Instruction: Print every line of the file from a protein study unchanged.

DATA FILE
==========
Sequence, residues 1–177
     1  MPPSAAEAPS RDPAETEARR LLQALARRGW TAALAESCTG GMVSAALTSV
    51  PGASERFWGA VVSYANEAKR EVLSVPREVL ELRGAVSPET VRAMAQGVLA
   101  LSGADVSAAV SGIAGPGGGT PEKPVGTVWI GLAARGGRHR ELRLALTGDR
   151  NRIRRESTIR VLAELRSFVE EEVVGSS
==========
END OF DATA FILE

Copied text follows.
Sequence, residues 1–177
     1  MPPSAAEAPS RDPAETEARR LLQALARRGW TAALAESCTG GMVSAALTSV
    51  PGASERFWGA VVSYANEAKR EVLSVPREVL ELRGAVSPET VRAMAQGVLA
   101  LSGADVSAAV SGIAGPGGGT PEKPVGTVWI GLAARGGRHR ELRLALTGDR
   151  NRIRRESTIR VLAELRSFVE EEVVGSS